by Mark Chesnut - Monday, June 13, 2022
In recent weeks we’ve detailed how both Congress and the Biden-led U.S. Fish and Wildlife Service (USFWS) have launched an all-out assault on the use of common lead ammunition for hunters and shooters on some federally managed lands. Now the situation has become much more dire.
On June 9, the USFWS published a proposed rule in the Federal Register that includes a widespread ban on ammunition made with lead components. According to a news release issued by the National Shooting Sports Foundation (NSSF), the firearm industry trade association, the proposed rule would “improperly trade access to public lands in an exchange for a ban on traditional ammunition made with lead components, which has no scientific basis and would disenfranchise the outdoorsmen and women who support and fund conservation.”
The lead ban was slipped into the USFWS’s new proposed hunting and fishing opportunities for game species at 19 national wildlife refuges covering some 54,000 acres. It calls for a phased ban of traditional ammunition by 2026. A press release on the USFWS website indicates that this measure is based on the best scientific data available. However, no data indicates that traditional ammunition is causing population declines of any wildlife species at any of the refuges.
As the NRA Institute for Legislative Action (NRA-ILA) notes on its website, “Anti-hunting and anti-gun extremists ignore the science and misinform policy makers and the public on the effects of extremely small amounts of lead.” Many of them purposely argue that alternative ammunition is cheap and readily available, but this is not true.
“In truth, these extremists want lead ammunition banned because it discourages participation in hunting and shooting,” NRA-ILA wrote. “Traditional ammunition is significantly cheaper than its alternatives. Increasing the price of ammunition will only ensure lower income hunters likely won’t be able to provide food for their families.”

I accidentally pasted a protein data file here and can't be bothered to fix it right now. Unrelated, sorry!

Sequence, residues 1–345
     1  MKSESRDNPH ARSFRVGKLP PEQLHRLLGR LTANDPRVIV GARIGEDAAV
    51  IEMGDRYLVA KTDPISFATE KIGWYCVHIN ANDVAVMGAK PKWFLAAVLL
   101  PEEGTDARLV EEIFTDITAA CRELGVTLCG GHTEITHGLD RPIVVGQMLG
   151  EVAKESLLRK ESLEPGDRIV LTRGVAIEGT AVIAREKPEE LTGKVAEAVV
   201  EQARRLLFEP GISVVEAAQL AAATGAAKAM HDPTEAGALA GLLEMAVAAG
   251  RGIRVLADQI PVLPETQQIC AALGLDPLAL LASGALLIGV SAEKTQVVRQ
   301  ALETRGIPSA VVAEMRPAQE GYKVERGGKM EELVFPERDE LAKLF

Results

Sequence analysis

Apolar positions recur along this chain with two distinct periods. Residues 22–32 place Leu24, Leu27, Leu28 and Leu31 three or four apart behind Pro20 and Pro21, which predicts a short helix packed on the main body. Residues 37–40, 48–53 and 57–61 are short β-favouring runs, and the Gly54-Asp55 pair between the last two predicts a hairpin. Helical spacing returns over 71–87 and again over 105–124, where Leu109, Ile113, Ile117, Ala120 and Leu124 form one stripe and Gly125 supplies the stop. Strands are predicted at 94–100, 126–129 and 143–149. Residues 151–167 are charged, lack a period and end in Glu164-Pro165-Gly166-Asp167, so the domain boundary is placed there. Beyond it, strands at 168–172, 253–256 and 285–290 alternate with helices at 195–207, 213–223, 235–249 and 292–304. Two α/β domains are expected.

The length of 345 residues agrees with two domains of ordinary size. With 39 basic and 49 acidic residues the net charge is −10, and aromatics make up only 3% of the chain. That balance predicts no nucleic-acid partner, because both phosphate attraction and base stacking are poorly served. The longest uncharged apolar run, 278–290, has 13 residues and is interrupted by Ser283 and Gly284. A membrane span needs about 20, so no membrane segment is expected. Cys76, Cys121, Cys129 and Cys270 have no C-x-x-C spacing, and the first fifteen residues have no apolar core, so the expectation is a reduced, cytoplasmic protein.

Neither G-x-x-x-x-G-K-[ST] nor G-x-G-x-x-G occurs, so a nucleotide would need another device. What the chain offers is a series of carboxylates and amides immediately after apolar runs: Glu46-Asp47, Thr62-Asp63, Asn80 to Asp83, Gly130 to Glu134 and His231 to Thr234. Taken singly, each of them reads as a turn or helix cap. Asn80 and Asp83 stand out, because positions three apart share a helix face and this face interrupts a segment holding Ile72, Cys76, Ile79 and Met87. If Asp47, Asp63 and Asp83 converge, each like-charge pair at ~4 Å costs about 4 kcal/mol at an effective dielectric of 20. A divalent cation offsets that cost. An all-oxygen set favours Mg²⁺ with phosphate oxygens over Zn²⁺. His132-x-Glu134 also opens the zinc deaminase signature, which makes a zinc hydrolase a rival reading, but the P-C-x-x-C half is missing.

In addition, the article noted how alternatives to lead ammunition can be less lethal—and, therefore, less ethical for hunting—and generally are not better for the environment. Make no mistake: The ultimate goal is to end hunting, and this is a first step.
For proof, look no further than the animal rights extremist group Center for Biological Diversity (CBD), which filed a petition with the Department of the Interior just a day before the USFWS’ proposed rule was published. The group called for a Director’s Order requiring the phase-out of traditional ammunition on the entire National Wildlife Refuge System and pushing for formal rulemaking to phase out traditional ammunition by Sept. 30, 2024. The move was interesting timing, indeed, raising questions about whether it was filed to coincide with the USFWS announcement.
It is important to note that the proposed lead ban would also affect lead fishing tackle, putting about 60 million U.S. anglers squarely in USFWS’s sights along with hunters and shooters. The American Sportfishing Association (ASA) finds that highly objectionable.
“The sportfishing industry usually welcomes the U.S. Fish & Wildlife Service’s periodic announcements to expand fishing access in National Wildlife Refuges, but this new proposed expansion comes with a significant caveat that undermines the good will these announcements usually generate,” the ASA said in a statement after the proposed rule was published. “The entire foundation of USFWS and its management of our fish and wildlife resources is meant to be based on specific data and science, yet the proposed rule would arbitrarily ban lead fishing tackle in several refuges based on unfounded and overgeneralized assumptions.”
All hunters, shooters, anglers and other interested parties who want to take action and voice their concerns with the proposed rule before the Aug. 8 deadline can submit comments to the Federal Register website by clicking here.
About the Author
Freelance writer Mark Chesnut is the owner/editorial director at Red Setter Communications LLC in Jenks, Okla. An avid hunter, shooter and field-trialer, he has been covering Second Amendment issues and politics on a near-daily basis for over 20 years, previously serving as editor of the NRA’s America’s First Freedom.
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